The death of a German civil servant in Paris the other day is the occasion for a historical footnote to the present drop in oil prices and the troubles of OPEC. The civil servant, Ulf Lantzke, ran an organization called the International Energy Agency for a decade, from the time it was established until his retirement a couple of years ago.

The first reaction to the 1973 oil crisis, in the countries that import oil, was pure panic. People began to seize various conspiracy theories to explain it, and there was talk of a military invasion of the Persian Gulf. In that atmosphere the industrial countries set up the IEA under Mr. Lantzke, and he rapidly began to draw together data on the worldwide balances of energy supply and demand. It was the first time that reliable and comprehensive figures on the subject had ever been published. With their appearance, the conspiracy theories began to fade and a different and more useful kind of anaylsis replaced them.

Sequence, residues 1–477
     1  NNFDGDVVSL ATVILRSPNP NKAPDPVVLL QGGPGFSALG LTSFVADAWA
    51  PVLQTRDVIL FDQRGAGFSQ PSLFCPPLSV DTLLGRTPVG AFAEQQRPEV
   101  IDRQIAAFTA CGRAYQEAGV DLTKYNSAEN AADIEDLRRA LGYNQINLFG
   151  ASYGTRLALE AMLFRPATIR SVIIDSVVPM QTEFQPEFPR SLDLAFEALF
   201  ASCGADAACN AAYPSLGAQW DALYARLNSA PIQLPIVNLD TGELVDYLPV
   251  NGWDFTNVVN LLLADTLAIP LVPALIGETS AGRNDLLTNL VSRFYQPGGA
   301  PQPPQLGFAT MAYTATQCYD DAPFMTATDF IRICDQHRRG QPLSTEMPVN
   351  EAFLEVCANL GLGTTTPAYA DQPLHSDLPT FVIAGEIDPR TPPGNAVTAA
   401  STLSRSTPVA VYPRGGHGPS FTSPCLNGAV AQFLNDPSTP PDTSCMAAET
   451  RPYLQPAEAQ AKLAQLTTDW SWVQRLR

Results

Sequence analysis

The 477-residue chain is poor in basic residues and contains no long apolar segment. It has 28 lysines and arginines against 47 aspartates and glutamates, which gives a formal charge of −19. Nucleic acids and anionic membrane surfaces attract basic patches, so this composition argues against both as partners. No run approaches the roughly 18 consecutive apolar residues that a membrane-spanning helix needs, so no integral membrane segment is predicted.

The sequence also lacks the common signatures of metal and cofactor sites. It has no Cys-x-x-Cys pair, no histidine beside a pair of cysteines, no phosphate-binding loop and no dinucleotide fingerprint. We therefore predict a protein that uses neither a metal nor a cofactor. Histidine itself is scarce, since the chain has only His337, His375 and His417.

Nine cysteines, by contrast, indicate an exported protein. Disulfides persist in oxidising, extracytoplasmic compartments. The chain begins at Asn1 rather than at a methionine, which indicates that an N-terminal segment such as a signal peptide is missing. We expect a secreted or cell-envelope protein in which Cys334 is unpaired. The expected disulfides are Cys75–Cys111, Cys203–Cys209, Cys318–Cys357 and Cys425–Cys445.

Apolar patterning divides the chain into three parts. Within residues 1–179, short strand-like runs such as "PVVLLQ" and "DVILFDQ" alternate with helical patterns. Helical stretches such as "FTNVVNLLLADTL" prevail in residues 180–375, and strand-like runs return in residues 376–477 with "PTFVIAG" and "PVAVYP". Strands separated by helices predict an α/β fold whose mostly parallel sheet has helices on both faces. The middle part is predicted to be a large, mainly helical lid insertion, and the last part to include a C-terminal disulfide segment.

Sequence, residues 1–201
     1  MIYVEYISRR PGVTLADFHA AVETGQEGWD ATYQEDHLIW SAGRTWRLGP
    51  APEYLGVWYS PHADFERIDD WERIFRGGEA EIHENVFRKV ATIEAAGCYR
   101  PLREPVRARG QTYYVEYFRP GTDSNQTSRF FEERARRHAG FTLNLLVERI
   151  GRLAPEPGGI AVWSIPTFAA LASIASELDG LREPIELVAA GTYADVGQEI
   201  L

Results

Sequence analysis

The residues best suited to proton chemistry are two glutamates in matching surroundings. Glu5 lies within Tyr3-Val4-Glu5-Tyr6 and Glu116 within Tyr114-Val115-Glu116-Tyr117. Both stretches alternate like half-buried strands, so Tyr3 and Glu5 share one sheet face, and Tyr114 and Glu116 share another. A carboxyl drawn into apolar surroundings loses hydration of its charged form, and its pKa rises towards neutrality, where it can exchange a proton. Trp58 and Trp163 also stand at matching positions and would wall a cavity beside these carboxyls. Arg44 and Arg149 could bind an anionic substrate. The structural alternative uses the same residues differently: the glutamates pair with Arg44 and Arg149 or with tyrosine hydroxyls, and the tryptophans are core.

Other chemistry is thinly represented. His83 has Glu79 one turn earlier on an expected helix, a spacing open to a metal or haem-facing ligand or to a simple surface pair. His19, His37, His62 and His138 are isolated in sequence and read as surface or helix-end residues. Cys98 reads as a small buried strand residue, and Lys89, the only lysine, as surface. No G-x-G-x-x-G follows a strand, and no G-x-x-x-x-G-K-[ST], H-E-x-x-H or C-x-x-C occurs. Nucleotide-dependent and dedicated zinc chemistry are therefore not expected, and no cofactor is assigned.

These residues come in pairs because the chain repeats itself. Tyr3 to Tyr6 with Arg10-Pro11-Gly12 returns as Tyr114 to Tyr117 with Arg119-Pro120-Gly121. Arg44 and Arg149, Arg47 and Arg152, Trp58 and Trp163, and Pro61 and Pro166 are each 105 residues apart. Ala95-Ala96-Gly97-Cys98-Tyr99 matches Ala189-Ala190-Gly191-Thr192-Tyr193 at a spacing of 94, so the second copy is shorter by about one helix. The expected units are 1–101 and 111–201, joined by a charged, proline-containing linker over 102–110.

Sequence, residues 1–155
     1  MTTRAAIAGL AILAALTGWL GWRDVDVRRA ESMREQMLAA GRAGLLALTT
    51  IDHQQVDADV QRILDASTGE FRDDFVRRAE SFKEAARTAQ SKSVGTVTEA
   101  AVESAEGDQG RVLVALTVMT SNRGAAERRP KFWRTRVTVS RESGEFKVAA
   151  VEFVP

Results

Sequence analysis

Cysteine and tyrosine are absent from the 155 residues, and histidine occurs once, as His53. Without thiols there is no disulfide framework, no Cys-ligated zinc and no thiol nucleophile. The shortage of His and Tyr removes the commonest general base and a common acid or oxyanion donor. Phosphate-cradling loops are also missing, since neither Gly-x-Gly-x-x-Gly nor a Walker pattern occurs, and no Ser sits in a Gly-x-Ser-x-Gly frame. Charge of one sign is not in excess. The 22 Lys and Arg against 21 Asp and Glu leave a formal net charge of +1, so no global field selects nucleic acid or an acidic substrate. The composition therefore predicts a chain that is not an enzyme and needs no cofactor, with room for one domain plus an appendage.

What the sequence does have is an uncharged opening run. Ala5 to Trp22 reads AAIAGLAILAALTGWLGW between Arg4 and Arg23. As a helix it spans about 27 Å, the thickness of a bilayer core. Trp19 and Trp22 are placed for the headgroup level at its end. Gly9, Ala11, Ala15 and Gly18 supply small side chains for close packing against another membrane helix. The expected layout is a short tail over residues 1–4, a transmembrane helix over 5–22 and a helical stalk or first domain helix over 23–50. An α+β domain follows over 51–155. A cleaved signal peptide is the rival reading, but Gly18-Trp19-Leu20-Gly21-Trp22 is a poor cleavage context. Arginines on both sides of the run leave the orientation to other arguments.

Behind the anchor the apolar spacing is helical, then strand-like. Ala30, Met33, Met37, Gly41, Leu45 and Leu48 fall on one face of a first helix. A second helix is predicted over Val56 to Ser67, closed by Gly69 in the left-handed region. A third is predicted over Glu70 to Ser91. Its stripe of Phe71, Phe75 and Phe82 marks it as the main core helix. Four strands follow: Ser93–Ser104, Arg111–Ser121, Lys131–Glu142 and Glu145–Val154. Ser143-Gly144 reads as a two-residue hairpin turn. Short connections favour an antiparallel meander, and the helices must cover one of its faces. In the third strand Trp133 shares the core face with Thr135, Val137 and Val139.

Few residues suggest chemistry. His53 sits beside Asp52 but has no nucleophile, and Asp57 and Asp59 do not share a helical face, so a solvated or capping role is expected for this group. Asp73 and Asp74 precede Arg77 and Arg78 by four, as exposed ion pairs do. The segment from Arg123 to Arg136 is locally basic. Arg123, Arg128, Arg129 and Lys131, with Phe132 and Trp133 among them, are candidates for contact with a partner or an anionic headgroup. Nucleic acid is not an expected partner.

From the data the IEA offered its member governments, they saw that reducing oil imports was the only sure way to protect their own economies. The IEA warned them to store oil as a precaution against future disruptions. The IEA advised the United States in particular to end its price controls on oil and let the domestic price rise. That, it argued, would discourage oil use and shift industry toward coal -- and that has in fact happened. Several industrial countries at first tried to carve out preferential deals with OPEC at the expense of their allies and trading partners. The IEA persuaded them instead to work together.

It would be easy to say, in retrospect, that the great changes in energy use since 1973 were merely the obvious adjustments of buyers to a rising price. But at the time all of those adjustments were bitterly unpopular, and seemed forbiddingly expensive. They were made, slowly, and the small incremental successes over the past dozen years in cutting oil consumption have created the giant glut that is now forcing down prices with dramatic speed. Mr. Lantzke's career at the IEA is evidence of the value of a cool analytical mind in a time of great anxiety. While international organizations such as the IEA are frequently obscure, they are not always ineffectual.